West campus hosts American premiere of 'Indivisible'

February 18, 2010

The new play “Indivisible” receives its American premiere March 4-7 at Arizona State University’s West campus, in a co-production with iTheatre Collaborative.

“Indivisible” was written by Taylor Doherty, a faculty member in theatre and digital media at Hilbert College in Hamburg, N.Y. Doherty was one of a select group of playwrights from across the United States and the United Kingdom whose plays were selected for development at the Last Frontier Theatre Conference in Valdez, Alaska. Download Full Image

Charles St. Clair, who directs the premiere, became aware of the play while serving as a featured artist at the conference in 2009.  “‘Indivisible’ deals with how people respond to heartbreak and adversity and what can happen when greed and materialism are rewarded and violence seems a fact of life, whether it is in America, the world as a whole or a single room with four beds,” says St. Clair.

St. Clair is a faculty member in the Division of Humanities, Arts and Cultural Studies (HArCS) on the West campus. HArCS, one of three divisions in ASU’s New College of Interdisciplinary Arts and Sciences, brings together art, English, ethnic studies, history, philosophy, religion and women’s studies to create interdisciplinary programs that provide opportunities for intellectual dialogue between students and faculty.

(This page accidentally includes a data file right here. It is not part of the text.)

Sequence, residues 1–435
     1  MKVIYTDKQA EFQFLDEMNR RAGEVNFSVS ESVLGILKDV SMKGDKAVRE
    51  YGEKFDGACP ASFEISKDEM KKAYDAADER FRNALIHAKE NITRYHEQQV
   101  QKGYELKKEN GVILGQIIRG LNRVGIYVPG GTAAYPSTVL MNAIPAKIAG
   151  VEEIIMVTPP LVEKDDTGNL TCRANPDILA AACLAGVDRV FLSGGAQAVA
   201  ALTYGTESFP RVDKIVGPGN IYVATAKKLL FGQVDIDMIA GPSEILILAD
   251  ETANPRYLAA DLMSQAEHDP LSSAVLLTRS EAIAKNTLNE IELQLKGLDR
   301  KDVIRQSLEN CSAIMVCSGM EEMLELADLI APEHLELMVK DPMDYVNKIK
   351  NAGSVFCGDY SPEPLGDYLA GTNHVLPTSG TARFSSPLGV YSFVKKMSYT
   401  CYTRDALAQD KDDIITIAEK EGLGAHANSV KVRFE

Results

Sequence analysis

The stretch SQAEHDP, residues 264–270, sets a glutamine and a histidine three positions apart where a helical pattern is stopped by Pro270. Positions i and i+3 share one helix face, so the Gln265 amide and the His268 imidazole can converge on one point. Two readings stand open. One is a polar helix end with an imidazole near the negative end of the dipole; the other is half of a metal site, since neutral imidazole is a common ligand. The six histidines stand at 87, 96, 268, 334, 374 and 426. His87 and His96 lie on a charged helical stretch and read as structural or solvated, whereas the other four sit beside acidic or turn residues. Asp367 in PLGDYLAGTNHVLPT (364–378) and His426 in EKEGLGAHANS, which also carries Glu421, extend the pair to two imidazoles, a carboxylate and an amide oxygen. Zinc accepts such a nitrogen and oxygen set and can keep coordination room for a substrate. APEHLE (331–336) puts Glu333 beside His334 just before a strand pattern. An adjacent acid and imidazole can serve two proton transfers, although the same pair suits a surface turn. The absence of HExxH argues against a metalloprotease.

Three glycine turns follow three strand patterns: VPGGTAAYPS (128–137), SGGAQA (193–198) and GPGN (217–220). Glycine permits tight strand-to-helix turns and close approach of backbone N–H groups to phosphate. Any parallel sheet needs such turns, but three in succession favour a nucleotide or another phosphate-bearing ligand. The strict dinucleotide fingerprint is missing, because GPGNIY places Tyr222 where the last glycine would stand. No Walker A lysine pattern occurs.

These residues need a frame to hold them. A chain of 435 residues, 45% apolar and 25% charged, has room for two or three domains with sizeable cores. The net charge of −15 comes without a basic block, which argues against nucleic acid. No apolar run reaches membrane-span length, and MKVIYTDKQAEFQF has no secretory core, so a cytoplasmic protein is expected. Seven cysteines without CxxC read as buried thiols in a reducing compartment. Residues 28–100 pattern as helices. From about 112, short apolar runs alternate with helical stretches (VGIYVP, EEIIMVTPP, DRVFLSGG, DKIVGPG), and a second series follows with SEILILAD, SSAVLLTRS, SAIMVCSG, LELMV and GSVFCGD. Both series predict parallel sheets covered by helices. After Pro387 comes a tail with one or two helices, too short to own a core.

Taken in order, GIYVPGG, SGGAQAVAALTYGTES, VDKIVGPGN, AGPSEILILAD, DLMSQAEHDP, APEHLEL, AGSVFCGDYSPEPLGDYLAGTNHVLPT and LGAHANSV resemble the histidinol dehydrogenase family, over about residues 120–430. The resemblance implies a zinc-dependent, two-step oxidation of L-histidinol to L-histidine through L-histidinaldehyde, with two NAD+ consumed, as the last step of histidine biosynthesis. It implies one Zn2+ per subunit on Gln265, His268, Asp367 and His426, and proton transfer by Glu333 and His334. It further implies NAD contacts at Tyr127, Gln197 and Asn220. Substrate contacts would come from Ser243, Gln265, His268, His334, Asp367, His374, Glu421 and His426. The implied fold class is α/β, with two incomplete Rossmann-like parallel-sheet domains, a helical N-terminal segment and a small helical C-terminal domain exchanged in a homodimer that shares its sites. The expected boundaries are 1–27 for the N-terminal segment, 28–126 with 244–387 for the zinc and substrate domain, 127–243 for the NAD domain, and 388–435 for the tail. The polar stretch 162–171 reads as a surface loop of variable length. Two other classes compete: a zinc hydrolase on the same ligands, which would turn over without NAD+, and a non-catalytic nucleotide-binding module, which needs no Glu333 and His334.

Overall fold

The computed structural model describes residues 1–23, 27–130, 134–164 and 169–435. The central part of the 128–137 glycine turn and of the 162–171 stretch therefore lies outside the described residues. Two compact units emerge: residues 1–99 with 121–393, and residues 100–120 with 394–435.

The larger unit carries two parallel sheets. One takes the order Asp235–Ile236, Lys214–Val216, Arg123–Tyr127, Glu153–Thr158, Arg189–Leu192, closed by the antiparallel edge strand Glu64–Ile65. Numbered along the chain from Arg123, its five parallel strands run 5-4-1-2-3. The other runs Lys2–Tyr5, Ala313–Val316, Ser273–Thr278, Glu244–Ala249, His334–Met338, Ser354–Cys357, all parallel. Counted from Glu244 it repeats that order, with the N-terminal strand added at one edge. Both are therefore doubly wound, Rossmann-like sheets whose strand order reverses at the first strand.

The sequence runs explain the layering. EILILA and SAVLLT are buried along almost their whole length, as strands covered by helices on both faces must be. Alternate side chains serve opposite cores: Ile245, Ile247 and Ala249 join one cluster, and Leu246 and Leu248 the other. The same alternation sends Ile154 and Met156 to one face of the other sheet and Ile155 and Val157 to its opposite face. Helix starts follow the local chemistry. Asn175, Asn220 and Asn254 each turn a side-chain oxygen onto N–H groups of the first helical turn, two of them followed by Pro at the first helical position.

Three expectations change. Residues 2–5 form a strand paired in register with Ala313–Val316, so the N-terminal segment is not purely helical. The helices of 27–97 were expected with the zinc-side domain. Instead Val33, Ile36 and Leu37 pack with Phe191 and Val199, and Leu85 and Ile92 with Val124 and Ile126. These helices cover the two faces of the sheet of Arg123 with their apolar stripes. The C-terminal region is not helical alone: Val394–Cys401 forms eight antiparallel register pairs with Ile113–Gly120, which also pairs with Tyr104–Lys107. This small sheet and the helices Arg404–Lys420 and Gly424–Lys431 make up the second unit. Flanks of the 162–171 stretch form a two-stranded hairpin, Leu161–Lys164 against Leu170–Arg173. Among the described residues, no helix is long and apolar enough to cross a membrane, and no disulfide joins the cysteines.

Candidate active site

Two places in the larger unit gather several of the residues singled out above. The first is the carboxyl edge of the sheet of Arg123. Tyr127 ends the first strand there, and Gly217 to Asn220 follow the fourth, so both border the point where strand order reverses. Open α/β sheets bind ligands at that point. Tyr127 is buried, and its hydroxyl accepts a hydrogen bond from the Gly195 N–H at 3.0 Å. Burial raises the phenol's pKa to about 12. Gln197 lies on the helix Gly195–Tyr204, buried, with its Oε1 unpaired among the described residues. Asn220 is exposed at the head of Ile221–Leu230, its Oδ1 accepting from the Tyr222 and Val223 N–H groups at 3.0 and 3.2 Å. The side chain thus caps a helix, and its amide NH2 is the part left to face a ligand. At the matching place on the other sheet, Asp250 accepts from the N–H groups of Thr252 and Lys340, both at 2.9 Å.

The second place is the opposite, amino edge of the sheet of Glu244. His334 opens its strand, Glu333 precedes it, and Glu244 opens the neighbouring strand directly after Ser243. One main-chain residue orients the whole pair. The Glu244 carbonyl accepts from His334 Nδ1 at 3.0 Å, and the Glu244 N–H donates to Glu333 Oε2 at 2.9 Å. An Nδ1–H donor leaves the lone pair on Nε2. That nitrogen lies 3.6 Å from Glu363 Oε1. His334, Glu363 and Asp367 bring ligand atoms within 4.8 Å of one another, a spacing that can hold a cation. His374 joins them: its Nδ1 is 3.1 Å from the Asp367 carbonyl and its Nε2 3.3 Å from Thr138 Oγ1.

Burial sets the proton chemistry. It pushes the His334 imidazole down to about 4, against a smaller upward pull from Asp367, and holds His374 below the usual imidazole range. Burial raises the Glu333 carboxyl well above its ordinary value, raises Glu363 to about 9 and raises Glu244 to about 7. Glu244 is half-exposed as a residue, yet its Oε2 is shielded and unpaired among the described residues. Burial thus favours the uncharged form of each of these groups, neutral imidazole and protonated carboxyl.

he production of “Indivisible” will be presented March 4 through 7 in Second Stage West, on the lower level of the University Center Building at ASU’s West campus, 4701 W. Thunderbird Road in Phoenix. Performances Thursday through Saturday are at 7:30 p.m.; the Sunday matinee is at 3:00 p.m. Tickets are $10 general admission and $7 for students and seniors.

For ticket reservations or information, call 602-543-2787.

ASU unveils plan to reach carbon neutrality

February 18, 2010

As a leader in sustainability, Arizona State University is part of a movement of higher-educational institutions across the country that are enacting plans to help reduce greenhouse gas emissions produced by their institutions.

The Carbon Neutrality Action Plan outlines goals and strategic actions that ASU plans to take to reduce greenhouse gas (GHG) emissions in four key areas – energy, transportation, solid waste and fertilizers/refrigerants. The plan includes ASU’s current efforts, with additional information about future projects and areas in which students, faculty and staff can engage to achieve these goals. Download Full Image

By the end of 2010, ASU expects to have the largest installed base of solar power at any college or university in the country. Current projects are designed to bring the university’s solar power program to nearly 25 percent of the university’s power consumption. This is one of many university-lead initiatives already under way as part of a plan announced this week that addresses ASU’s commitment to achieving a carbon neutral environment by 2025. The goal for transportation is to be carbon neutral by 2035.